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Thursday, February 15th, 2024

Crisis underscored risk from credit excesses: Bank of Canada

Mark Carney

Mark Carney, Governor of the Bank of Canada, holds a press conference to discuss the contents of the Monetary Policy Report at the National Press Theatre in Ottawa on Wednesday, October 26, 2011. Sean Kilpatrick/THE CANADIAN PRESS

The 2008-09 crisis and its aftermath have underscored the unique risks that credit-fuelled excesses pose to economies, forcing the Bank of Canada to pay closer attention to financial stability and to be flexible as it pursues its No. 1 goal of keeping inflation tame and reliable, Mark Carney and his policy team said Wednesday.

A day after the Harper government confirmed that the Bank of Canada will continue to focus squarely on achieving annual price gains of about 2 per cent for another five years, policy makers released a background document detailing situations in which they might take longer than usual to reach their inflation target to respond to an economic shock or a building imbalance in the financial system.

While the central bank is still mandated to achieve its inflation target above all else, policy makers essentially said the success of that framework and the lessons of the recent crisis mean there may be cases where monetary policy can be used to complement efforts by regulators and supervisors to keep the financial system stable. There is no consensus on how to do this, in part because dangerous financial bubbles are hard to identify before they burst, but there is a growing sense that pure inflation-targeting is insufficient for the post-crisis economic realities.

“Economic stability and financial stability are inextricably linked, and pursuing the first without due regard for the second risks achieving neither,” Mr. Carney and his officials said in the document. “A framework anchored on a solid and credible inflation target provides the flexibility for monetary policy to play an occasional role in supporting financial stability.”

Policy makers said they drew three main lessons from the crisis. First, financial imbalances linked to credit booms that affect asset prices — like housing, for example — pose the greatest risk to the economy because of the “powerful deleveraging process” that occurs when they unwind. Second, good economic times all too often cause the imbalances to build, due to complacency and a better climate for risk-taking. And third, the financial system in Canada and around the world is so interconnected and tightly linked that bad behaviour by one bank can affect many others and ripple through the economy.

The central bank maintains that the first “line of defence” against financial instability is responsible behaviour by consumers and lenders, and that the second is a regulatory and supervisory approach — both in Canada and abroad — with a “greater focus on system-wide vulnerabilities.” Still, even though monetary policy is too blunt an instrument to try and address a localized problem affecting one region or sector, such as a housing bubble in one city, it is a “potentially valuable tool in addressing imbalances that may eventually have economy-wide implications,” the bank said.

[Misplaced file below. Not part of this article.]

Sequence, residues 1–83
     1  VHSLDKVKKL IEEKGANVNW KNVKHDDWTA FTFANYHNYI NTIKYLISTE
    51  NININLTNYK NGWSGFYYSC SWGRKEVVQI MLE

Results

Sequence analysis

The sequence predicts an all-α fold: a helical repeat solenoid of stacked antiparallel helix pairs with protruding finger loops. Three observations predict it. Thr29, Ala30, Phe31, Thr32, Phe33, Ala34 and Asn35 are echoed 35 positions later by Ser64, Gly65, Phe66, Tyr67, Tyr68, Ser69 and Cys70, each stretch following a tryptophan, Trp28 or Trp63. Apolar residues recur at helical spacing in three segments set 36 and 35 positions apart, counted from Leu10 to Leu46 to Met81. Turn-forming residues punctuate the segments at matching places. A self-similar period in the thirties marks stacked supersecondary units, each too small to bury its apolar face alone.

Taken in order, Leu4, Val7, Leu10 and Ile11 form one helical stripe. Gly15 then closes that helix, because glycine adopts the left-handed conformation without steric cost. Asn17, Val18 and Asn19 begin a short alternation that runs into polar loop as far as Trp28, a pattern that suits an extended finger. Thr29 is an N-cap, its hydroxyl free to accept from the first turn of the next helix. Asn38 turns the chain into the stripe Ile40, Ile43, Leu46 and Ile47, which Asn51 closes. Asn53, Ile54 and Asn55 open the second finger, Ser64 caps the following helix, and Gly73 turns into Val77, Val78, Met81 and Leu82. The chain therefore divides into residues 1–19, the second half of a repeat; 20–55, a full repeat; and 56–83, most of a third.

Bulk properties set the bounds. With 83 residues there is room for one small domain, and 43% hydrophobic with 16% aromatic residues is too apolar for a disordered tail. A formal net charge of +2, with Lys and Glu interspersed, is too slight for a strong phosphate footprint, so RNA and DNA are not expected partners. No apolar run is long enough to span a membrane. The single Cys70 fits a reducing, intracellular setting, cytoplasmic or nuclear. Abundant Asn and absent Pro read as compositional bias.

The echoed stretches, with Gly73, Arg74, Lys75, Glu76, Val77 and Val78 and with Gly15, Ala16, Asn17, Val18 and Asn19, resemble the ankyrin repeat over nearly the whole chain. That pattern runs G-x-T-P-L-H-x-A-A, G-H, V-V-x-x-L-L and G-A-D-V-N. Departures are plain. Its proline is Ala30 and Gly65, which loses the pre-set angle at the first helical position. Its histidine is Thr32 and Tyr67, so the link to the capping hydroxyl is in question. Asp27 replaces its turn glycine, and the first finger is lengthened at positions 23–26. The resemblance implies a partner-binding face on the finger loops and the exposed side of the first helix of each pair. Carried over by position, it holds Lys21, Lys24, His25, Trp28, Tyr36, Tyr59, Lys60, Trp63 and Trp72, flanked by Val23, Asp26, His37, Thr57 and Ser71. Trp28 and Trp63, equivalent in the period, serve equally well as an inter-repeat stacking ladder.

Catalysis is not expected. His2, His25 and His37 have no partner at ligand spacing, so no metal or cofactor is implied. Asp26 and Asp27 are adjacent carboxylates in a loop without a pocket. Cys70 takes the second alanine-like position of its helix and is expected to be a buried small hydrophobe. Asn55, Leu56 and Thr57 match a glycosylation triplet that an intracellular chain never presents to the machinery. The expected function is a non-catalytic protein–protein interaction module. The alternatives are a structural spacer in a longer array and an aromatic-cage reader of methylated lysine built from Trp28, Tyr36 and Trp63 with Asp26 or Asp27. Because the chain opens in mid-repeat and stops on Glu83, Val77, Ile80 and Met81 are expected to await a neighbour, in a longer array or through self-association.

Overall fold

“Monetary policy can contribute to financial stability directly in some circumstances by complementing macroprudential policy, particularly when broad-based imbalances are building or unwinding,” the bank said.

Mr. Carney has argued for months that his mandate affords him leeway to lean against economic shocks or dangerous buildups of credit by taking longer than usual to bring inflation to target. Indeed, the bank’s 2006-2011 mandate already allowed that in some situations, taking longer than the typical six to eight quarters to return inflation to 2 per cent “might be considered.”

Still, at the time that the last agreement was being negotiated few could have imagined how often the central bank might need to take advantage of that flexibility.

In recent months, Mr. Carney has touted his flexibility as an important tool for keeping Canada’s export-dependent economy fortified against headwinds from abroad. He has left his benchmark interest rate at 1 per cent since the fall of 2010, even during the summer months in the face of hotter-than-expected inflation readings and much criticism from so-called inflation hawks.

Wednesday’s background document expanded on this theme, arguing that the nature and persistence of shocks “buffeting the economy” dictates whether the central bank takes longer than normal to bring inflation to target — something it has already done on several occasions. For instance, to keep the economy stable amid a big spike in oil prices or a severe global slowdown, or to counter the effects of either a buildup in credit or a widespread effort by households and businesses to trim their debts.

“The Bank’s scope to exercise appropriate flexibility with respect to its inflation-targeting horizon is founded on the credibility built up through its demonstrated success in achieving its inflation target,” the bank said, noting that inflation has averaged 2 per cent since targets were first introduced in 1991. “This flexibility has been an inherent feature of the monetary policy framework in Canada and all other countries that practice inflation targeting.”

Although Canada’s inflation-targeting approach has been viewed as highly successful, researchers at the central bank have been studying ways it could be tweaked or improved. The bank had devoted much effort into exploring whether to eventually adopt a new system that would target a certain level in the consumer price index, rather than the annual rate of change, or whether to cut the target to as low as 1 per cent.

While policy makers will continue that research, neither change was adopted.

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